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digitalmars.D - Some new LLVM slides/videos

reply bearophile <bearophileHUGS lycos.com> writes:

Nov 19 2010
parent reply Emil Madsen <sovende gmail.com> writes:
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So these sliders are empty - I take it?

On 19 November 2010 22:29, bearophile <bearophileHUGS lycos.com> wrote:


-- // Yours sincerely // Emil 'Skeen' Madsen --90e6ba539f3ed1ed3d04956ecbd4 Content-Type: text/html; charset=ISO-8859-1 So these sliders are empty - I take it?<br><br><div class="gmail_quote">On 19 November 2010 22:29, bearophile <span dir="ltr">&lt;<a href="mailto:bearophileHUGS lycos.com">bearophileHUGS lycos.com</a>&gt;</span> wrote:<br> <blockquote class="gmail_quote" style="margin:0 0 0 .8ex;border-left:1px #ccc solid;padding-left:1ex;"><br> </blockquote></div><br><br clear="all"><br>-- <br>// Yours sincerely<br>// Emil &#39;Skeen&#39; Madsen<br> --90e6ba539f3ed1ed3d04956ecbd4--
Nov 19 2010
parent reply bearophile <bearophileHUGS lycos.com> writes:
Emil Madsen:

 So these sliders are empty - I take it?

I have just lost them a moment behind the table, sorry. Through Reddit I have found a group of new slides/videos on LLVM ("2010 LLVM Developers' Meeting"), some of them are interesting: http://llvm.org/devmtg/2010-11/ Some comments about the PDF slides: "Implementing Include-What-You-Use using clang": I'd like still D module system to be more tidy and import only the "foo" name when you write: import foo; So you need to use foo.bar and foo.baz. And to import "bar" and "baz" names and not the "foo" name when you write: import foo: bar, baz; And to import all the names from "foo" (but not the "foo" name itself) using some syntax with * or "all" or something similar. This makes code more readable and tidy, and makes the work of D analysis tools simpler. "Polly - Polyhedral optimizations in LLVM" and "Symbolic Crosschecking of Floating-Point and SIMD Code": they remind me something said by Walter too recently. It's stupid to use tons of analysis to extract high-level semantics from low-level C-style code and then compile it again in asm. It's much better to give programmers a (little or big) language that allows to directly express the high level semantics of heavy numerical processing code (that often are some nested loops on arrays and sometimes on trees/graphs). In D this may be done using something like this: mixin(Looper!q{ // high-level numerical processing code here }); That's not a tidy thing, and it asks programmers to learn a special little language, but it seems better than the alternative (unless you are able to use languages like Chapel that allow you to express that semantics already). To implement that in D you need a compile-time compiler that returns a string that contains asm{...} or even normal D code. To implement this compile-time compiler you may "just" need to improve D CTFE so it uses memory better, so it becomes fast enough. Example: processing.js is a large JavaScript file that essentially parses Java code and runs it in JavaScript: http://processingjs.org/ JavaScript today is much faster than D CTFE, but there is more space for improvements in D CTFE because the CTFE code is statically typed D, that's much simpler than JavaScript to run efficiently even in an interpreter. "Creating cling, an interactive interpreter interface for clang": the D front-end already contains a partial D interpreter. If this interpreter gets moved (or copied) inside a library that may be used from D code at runtime, then implementing a D interactive interpreter becomes simple, and enbedding Lua/Python/etc inside D becomes less necessary. Having a partial interpreter inside the compiler and not being able to use it at runtime is a wasted opportunity. "Hardening LLVM With Random Testing": eventually DMD/D compilers will enjoy similar random testing, but probably it's too much early now, it's easy still to find enough bugs manually. Bye, bearophile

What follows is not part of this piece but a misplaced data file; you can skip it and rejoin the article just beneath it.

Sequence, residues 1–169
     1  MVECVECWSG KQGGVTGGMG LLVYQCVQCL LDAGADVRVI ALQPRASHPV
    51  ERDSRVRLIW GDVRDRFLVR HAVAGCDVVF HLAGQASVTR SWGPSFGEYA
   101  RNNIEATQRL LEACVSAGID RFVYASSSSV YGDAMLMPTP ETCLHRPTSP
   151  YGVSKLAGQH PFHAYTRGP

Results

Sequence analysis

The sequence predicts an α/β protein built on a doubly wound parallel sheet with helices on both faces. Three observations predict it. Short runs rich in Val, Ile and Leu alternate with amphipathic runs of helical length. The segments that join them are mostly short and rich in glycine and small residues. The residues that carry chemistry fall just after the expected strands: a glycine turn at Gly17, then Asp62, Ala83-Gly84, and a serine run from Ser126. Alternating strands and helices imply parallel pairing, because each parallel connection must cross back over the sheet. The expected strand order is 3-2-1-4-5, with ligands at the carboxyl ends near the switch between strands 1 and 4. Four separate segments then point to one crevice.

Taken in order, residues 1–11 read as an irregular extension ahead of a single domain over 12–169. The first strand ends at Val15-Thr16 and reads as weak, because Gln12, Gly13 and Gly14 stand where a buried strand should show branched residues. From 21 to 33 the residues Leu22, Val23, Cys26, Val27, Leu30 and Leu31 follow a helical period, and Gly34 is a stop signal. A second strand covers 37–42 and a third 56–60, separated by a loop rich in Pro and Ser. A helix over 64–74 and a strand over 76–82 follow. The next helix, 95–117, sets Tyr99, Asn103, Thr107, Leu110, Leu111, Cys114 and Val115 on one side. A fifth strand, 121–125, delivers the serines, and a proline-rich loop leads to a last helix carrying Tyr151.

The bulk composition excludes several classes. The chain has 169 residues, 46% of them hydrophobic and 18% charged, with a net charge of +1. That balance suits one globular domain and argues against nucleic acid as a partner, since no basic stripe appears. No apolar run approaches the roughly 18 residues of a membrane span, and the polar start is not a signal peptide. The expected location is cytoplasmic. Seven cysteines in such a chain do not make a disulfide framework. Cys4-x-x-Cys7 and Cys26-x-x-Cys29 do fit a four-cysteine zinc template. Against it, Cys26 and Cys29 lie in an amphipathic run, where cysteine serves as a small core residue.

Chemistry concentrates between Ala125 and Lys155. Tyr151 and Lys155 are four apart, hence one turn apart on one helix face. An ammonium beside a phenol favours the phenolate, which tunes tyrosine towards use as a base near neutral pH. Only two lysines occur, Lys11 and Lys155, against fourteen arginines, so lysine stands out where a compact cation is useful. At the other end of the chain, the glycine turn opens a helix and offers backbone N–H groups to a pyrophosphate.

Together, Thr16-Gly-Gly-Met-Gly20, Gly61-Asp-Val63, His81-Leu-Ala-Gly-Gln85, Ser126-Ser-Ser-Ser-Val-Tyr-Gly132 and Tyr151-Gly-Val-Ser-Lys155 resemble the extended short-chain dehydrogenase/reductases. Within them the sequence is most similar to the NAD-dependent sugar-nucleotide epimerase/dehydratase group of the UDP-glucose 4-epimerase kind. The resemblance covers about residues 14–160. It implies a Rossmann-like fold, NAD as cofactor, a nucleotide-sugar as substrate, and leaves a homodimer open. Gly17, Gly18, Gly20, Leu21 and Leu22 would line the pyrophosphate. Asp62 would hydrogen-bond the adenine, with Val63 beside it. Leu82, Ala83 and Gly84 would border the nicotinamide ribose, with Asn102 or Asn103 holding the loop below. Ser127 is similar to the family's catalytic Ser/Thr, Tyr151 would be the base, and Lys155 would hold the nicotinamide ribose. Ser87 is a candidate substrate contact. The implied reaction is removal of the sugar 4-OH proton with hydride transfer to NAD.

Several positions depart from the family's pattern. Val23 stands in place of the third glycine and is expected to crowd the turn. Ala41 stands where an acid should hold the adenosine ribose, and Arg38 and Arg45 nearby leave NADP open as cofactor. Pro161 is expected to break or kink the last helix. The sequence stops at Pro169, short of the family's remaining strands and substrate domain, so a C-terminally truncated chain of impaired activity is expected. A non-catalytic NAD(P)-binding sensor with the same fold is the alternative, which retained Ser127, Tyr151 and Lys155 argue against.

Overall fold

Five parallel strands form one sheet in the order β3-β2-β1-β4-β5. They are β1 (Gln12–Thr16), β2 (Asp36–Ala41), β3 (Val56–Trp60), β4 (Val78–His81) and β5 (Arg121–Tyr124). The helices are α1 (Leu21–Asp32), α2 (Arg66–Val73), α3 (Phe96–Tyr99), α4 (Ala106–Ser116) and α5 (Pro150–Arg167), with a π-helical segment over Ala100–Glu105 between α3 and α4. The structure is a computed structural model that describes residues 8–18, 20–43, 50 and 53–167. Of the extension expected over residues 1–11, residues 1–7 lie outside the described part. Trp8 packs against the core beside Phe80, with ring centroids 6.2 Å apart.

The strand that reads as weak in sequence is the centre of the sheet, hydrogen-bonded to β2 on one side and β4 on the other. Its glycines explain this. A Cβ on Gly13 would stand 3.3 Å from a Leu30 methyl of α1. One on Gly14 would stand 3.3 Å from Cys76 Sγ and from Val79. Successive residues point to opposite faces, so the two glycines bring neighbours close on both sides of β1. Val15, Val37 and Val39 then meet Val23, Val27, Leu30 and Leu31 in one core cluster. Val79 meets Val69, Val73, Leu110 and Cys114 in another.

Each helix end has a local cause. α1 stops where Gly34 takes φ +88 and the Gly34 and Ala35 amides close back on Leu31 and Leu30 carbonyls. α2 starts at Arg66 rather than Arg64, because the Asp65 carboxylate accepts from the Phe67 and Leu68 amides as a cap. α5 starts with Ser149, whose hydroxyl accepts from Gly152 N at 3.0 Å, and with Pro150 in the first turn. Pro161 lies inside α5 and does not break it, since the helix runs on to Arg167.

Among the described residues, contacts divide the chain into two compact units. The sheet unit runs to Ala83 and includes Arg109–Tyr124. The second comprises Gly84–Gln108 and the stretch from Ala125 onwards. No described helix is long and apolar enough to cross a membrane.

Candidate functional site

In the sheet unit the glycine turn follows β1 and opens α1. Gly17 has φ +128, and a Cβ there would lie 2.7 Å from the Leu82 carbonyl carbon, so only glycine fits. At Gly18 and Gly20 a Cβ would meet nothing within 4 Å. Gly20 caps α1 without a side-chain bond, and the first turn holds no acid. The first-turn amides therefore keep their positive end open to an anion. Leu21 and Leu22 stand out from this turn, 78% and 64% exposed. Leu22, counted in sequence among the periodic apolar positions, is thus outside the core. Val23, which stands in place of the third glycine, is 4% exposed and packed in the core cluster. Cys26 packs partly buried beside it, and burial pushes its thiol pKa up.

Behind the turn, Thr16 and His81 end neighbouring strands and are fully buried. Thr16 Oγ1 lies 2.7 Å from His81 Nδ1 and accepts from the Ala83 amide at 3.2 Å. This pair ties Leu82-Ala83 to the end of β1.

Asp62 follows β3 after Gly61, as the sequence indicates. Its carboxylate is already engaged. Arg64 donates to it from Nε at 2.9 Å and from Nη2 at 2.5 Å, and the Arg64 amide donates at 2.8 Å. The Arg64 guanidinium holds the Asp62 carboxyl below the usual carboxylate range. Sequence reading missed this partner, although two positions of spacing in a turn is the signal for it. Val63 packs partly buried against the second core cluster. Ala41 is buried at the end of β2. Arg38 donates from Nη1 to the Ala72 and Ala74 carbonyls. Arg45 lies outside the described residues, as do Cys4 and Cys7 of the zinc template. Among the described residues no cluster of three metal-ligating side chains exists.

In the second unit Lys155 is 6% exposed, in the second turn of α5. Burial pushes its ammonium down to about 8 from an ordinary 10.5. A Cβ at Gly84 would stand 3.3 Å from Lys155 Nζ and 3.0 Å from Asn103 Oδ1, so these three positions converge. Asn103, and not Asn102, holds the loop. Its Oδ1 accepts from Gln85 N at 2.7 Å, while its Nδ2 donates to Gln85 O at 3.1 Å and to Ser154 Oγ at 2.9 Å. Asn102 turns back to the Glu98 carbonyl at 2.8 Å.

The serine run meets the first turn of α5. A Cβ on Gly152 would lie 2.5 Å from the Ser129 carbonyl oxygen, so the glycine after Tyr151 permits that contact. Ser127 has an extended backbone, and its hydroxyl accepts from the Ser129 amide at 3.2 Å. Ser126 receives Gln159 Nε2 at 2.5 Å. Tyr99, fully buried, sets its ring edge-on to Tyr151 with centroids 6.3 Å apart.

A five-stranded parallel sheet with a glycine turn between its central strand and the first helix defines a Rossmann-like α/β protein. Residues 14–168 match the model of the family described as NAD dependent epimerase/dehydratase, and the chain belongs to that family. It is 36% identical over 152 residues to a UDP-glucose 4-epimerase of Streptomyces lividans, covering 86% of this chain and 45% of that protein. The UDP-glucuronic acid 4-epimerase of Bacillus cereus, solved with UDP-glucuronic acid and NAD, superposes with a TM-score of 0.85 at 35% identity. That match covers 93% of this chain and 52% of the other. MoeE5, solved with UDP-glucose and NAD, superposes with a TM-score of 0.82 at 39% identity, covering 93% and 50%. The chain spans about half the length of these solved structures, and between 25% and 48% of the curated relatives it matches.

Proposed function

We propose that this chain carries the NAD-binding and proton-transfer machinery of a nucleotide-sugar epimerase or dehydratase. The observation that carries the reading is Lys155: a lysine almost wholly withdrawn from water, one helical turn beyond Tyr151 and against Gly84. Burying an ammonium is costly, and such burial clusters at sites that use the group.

Nov 19 2010
parent Walter Bright <newshound2 digitalmars.com> writes:
bearophile wrote:
 "Implementing Include-What-You-Use using clang": I'd like still D module
 system to be more tidy and import only the "foo" name when you write: import
 foo; So you need to use foo.bar and foo.baz.

D already does this: static import foo;
 And to import "bar" and "baz"
 names and not the "foo" name when you write: import foo: bar, baz;

D already does this, too.
 And to
 import all the names from "foo" (but not the "foo" name itself) using some
 syntax with * or "all" or something similar. This makes code more readable
 and tidy, and makes the work of D analysis tools simpler.

This has been discussed many times, and has been soundly rejected for numerous reasons. For one thing, it does not make analysis easier, because it is unknown what files will actually get imported.
Nov 19 2010